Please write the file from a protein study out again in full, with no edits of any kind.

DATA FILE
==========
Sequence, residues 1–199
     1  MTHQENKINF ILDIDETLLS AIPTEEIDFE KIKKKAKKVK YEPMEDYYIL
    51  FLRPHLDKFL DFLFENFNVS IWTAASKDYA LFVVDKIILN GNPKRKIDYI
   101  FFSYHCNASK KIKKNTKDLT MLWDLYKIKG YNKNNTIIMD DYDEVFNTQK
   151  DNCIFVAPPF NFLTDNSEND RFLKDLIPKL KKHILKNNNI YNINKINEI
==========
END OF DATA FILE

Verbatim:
Sequence, residues 1–199
     1  MTHQENKINF ILDIDETLLS AIPTEEIDFE KIKKKAKKVK YEPMEDYYIL
    51  FLRPHLDKFL DFLFENFNVS IWTAASKDYA LFVVDKIILN GNPKRKIDYI
   101  FFSYHCNASK KIKKNTKDLT MLWDLYKIKG YNKNNTIIMD DYDEVFNTQK
   151  DNCIFVAPPF NFLTDNSEND RFLKDLIPKL KKHILKNNNI YNINKINEI